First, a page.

TECHNOLOGY AND MOBILE HERITAGE

This panel explored how mobile applications have been used to link physical and virtual spaces. It explored how the creation of apps enable new users to engage with collections, in new spaces, and to engage with the curatorial process. What are the challenges of creating and using such content? What benefits can an app bring? And what is the potential for visitor agency in their design, content and use?


LACOCK UNLOCKED: IN THE FOOTSTEPS OF FOX TALBOT – HOW A MOBILE PHONE ‘APP’ CREATED BY AND DESIGNED BY YOUNG PEOPLE IS BRINGING LACOCK’S HISTORY TO LIFE IN THE 21ST CENTURY
Claire Skinner, Wiltshire and Swindon Archives

In 2009 Wiltshire and Swindon Archives were asked to buy the archives of the Lacock Abbey estates, an important collection shedding light on life in North West Wiltshire from 12-20th centuries. (The village of Lacock, donated to the National Trust in 1944, is famous as the home of W H Fox Talbot, pioneer photographer.) Applying to HLF for funding (granted in 2012) encouraged us to look afresh at our audiences and identify areas for development. One of the most significant gaps was the audience aged 16-24 so in order to address this we worked with Wiltshire College’s Creative Wiltshire interactive media unit students to create a location-aware mobile phone app for both iPhone and Android devices.

It seemed very apt to be creating an app which would encourage people to use the latest digital media technology while visiting a place so closely associated with the creation of photography. It is also hoped that the process of designing and developing the app has been a valuable experience in project development work in creative media and heritage that may lead to career opportunities and employment for young people.

It was very important to us that the app should have a strong link to real-life stories and people discovered in the Lacock archives, and it was designed and built using research by existing volunteers. Volunteers of all ages also made a huge contribution by voicing a script telling various stories, woven in with music and images, triggered by GPS as visitors go round the village and also (long-term) available in an ‘armchair’ form.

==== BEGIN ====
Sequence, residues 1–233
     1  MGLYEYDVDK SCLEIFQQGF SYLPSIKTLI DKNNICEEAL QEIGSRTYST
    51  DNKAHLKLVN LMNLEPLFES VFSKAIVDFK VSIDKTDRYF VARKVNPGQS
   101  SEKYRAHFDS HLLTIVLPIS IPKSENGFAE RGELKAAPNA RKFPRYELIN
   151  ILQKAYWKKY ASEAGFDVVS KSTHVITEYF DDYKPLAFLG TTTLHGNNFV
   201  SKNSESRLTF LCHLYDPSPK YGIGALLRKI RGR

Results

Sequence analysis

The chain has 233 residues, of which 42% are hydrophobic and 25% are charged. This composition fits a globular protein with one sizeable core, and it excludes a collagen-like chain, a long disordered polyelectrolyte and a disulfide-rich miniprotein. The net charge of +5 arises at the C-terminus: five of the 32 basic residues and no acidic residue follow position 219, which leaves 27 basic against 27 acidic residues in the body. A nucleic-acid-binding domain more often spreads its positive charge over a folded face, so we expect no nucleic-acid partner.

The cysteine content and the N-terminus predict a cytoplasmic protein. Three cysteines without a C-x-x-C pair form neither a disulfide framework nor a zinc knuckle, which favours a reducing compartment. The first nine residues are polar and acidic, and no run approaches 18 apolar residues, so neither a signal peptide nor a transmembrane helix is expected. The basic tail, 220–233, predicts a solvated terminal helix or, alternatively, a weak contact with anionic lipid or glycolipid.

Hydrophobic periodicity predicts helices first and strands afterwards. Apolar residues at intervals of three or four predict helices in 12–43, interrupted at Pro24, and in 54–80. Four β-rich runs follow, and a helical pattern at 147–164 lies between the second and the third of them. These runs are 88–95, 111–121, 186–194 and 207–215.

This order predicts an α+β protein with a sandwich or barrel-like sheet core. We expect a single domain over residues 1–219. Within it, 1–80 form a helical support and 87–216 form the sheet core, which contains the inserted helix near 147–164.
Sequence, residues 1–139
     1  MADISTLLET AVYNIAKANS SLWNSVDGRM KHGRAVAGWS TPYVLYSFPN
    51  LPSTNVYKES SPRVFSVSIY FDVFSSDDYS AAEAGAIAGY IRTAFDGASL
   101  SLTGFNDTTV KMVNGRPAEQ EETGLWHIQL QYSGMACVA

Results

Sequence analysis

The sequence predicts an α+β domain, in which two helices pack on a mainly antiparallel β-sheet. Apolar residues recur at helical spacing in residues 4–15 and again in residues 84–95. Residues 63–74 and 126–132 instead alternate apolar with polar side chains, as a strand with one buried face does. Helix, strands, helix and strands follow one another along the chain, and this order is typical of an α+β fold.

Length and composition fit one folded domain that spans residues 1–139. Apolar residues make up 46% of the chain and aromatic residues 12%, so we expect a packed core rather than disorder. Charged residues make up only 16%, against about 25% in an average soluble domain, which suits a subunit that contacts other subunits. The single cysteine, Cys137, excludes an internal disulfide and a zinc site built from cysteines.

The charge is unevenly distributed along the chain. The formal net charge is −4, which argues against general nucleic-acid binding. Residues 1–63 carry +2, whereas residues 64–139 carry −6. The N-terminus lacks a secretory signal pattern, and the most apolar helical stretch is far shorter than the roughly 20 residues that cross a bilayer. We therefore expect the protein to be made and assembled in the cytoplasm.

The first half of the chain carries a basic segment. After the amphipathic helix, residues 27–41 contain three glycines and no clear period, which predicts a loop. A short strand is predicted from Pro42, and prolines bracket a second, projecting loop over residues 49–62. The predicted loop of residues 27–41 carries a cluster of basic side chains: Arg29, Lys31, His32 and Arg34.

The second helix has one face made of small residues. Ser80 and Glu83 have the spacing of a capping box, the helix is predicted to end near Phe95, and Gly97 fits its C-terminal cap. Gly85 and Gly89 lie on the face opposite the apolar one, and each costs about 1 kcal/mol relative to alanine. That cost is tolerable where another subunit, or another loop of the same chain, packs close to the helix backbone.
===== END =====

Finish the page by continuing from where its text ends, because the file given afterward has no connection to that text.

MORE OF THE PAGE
This paper will discuss the development of our app and the many lessons learned along the way, and will hopefully inspire other heritage professionals to tackle the twin challenges of working with young people and new(ish) technology!


VISITOR AGENCY, CRITICAL PLAY AND HISTORY FROM BELOW: RETHINKING MOBILE HERITAGE INTERPRETATION
Steve Poole, University of the West of England

The heritage industry is awash with downloadable mobile apps offering non-specialist visitors augmented tours of historic sites and landscapes. In simple terms, many of these offer digital solutions to the ‘I think we need an app’ problem but, despite the radical nature of the technology, both content and delivery have tended to remain rooted in authoritative and didactic conservatism. ‘Authorised’ digital heritage, in other words, offers top-down interpretation and a concentration on either the social experience of elite individuals or daily life ‘below stairs’. Consequently, visitor agency at sites of heritage remains strictly limited.